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WADL sale termination date pushed to June at FCC’s urging

The extension of the shot clock came at the urging of a top FCC official.

The extension of the shot clock came at the urging of a top FCC official.

An aerial photograph shows the television studios of Adell-owned WADL-TV in Detroit. (Courtesy photo)
An aerial photograph shows the television studios of Adell-owned WADL-TV in Detroit. (Courtesy photo)

The buyer and seller of a local television station in Detroit has accepted the Federal Communications Commission’s (FCC) guidance to extend out the termination date of their deal, The Desk has learned.

The station, WADL (Channel 38), and prospective buyer Mission Broadcasting now say the shot clock for the deal to be consummated will run out on June 29, or about 90 days out from their prior termination date of March 31.

The shot clock was extended after officials from Mission and WADL’s current owner, Adell Broadcasting, held meetings with FCC officials on the matter.

The sale, announced last May, has been pending approval at the FCC following objections levied by cable and satellite industry groups who argue that the transfer of WADL’s license to Mission will benefit the much-larger broadcast operation Nexstar Media Group, who operates all Mission stations through shared services agreements.

If the FCC approves the sale, Nexstar and Mission are expected to move the CW Network affiliation in Detroit to WADL on a full-time basis. Currently, the CW Network is affiliated with a station owned by the E. W. Scripps Company after WADL abruptly pulled CW programming from its station last November.

The cable and satellite groups say moving the CW Network to WADL would allow Nexstar and Mission to charge higher carriage fees for the channel, and would give Nexstar too much concentration of power over local broadcast stations in Detroit and elsewhere.

Adell and Mission tried to assuage those concerns by affirming WADL’s position as a must-carry channel if the deal is approved — a status that would allow cable and satellite companies to offer the channel without direct payments to Mission or Nexstar for about three years.

Still, the matter has been pending at the FCC, with officials telling Adell and Mission that the agency needed to work through a few other administrative issues before they could settle the objections concerning WADL.

Those other issues weren’t specifically mentioned in records reviewed by The Desk concerning the FCC’s meetings with Adell and Mission, but the agency has imposed several fines against Nexstar and Mission over their shared services agreements and cable retransmission consent negotiations concerning channels in other areas — specifically, New York and Hawaii.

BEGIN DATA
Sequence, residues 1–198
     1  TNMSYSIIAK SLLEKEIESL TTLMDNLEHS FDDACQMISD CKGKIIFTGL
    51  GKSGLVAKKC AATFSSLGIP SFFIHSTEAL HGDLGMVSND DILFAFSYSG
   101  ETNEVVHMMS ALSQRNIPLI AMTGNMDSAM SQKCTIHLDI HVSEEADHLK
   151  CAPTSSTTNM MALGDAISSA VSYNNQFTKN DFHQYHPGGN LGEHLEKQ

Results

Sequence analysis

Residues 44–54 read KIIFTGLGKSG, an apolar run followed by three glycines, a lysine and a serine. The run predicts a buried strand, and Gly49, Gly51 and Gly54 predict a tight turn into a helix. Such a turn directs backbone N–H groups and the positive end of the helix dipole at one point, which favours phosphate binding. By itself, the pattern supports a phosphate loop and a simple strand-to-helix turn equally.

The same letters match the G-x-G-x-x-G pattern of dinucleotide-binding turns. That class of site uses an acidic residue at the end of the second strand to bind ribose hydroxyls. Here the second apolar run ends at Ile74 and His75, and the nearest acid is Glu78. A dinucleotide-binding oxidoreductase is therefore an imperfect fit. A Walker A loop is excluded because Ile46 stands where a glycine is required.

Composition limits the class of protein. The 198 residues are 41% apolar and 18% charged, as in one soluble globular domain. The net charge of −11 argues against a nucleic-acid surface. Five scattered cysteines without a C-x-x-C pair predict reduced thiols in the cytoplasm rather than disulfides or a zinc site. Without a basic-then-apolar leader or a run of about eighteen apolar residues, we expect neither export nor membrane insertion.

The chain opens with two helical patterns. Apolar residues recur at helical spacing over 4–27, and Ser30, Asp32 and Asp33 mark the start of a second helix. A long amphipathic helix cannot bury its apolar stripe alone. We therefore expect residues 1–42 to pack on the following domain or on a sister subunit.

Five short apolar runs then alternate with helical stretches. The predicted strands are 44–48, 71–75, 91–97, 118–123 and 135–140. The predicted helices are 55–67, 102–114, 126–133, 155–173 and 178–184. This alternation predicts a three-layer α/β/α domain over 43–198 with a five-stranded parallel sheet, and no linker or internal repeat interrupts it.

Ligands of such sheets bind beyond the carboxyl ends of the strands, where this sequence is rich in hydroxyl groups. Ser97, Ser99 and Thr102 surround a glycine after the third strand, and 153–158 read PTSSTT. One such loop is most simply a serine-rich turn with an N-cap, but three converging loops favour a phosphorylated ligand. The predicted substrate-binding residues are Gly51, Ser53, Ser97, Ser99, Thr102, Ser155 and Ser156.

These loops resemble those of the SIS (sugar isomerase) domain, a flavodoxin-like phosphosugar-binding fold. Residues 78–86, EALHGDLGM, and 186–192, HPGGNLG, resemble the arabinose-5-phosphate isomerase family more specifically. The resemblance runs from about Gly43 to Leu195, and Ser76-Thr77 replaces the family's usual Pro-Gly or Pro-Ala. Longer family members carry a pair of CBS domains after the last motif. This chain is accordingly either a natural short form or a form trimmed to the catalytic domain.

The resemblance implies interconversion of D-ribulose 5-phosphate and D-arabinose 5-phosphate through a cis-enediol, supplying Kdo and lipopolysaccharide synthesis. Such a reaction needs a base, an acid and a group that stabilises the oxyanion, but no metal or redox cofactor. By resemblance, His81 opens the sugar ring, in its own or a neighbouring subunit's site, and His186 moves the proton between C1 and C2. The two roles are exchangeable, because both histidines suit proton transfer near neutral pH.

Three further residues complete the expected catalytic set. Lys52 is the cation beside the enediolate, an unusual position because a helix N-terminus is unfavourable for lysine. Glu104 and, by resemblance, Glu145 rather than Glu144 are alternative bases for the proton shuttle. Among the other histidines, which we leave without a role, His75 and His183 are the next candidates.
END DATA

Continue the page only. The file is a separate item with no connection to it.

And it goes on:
Last week, the FCC proposed a $1.2 million fine against Nexstar for its de facto control of WPIX (Channel 11), the CW Network affiliate in New York City licensed to Mission whose station operations are entirely controlled by Nexstar. The fine was rooted in the idea that Nexstar exceeded a federal rules that limit the number of TV stations one broadcaster may own by exerting too much oversight and direct control of WPIX.

In addition to the fine, the FCC has ordered Mission to sell WPIX to Nexstar (which would involve Nexstar divesting certain stations of its own to satisfy ownership rules) or to an uninvolved third party.

Prior to last week’s fine, the FCC proposed a $720,000 financial penalty against Nexstar for failing to negotiate carriage of its two Honolulu-based stations with a cable operator in Hawaii. The FCC said Nexstar’s demand to the cable operator that it drop a prior complaint made to the agency was proof that the broadcaster did not negotiate carriage of the channels in good faith, as required under the law.

Officials at Nexstar said they intend to fight both fines. Last month, the company appealed a $150,000 financial penalty against the broadcaster over contract negotiations concerning carriage of WPIX-TV on Comcast TV systems in the New York area.

Reached for comment last week, WADL owner Kevin Adell said the FCC’s recent actions against Nexstar are unlikely to impact the sale of his station to Mission, even though one of the proposed penalties involved Nexstar operating a station licensed to Mission.

In prior conversations with The Desk, Adell affirmed Nexstar intends to bankroll Mission’s purchase of WADL, and will operate the station through a shared services agreement. Last week, Adell said the action against Nexstar over WPIX was “specific to New York,” and that the FCC’s action opens the door for his deal to be approved.

Through a text message exchange with The Desk on Monday, Adell said FCC Chairperson Jessica Rosenworcel — who has attended some of the meetings with WADL and Mission over the past few months — has offered helpful advice through what has been a complicated process.

During their last meeting, Adell said Rosenworcel informed the parties that the agency was close to making a decision on the sale, and advised both sides to work together to extend the termination date of the sale.

“[She said] they’re very close, you might not need it, but we took her advice and got the extension anyway,” he said.

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About the Author:

Matthew Keys

Matthew Keys is a nationally-recognized, award-winning journalist who has covered the business of media, technology, radio and television for more than 10 years. He is the publisher of The Desk and contributes to Know Techie, Digital Content Next and StreamTV Insider. He previously worked for Thomson Reuters, the Walt Disney Company, McNaughton Newspapers and Tribune Broadcasting.
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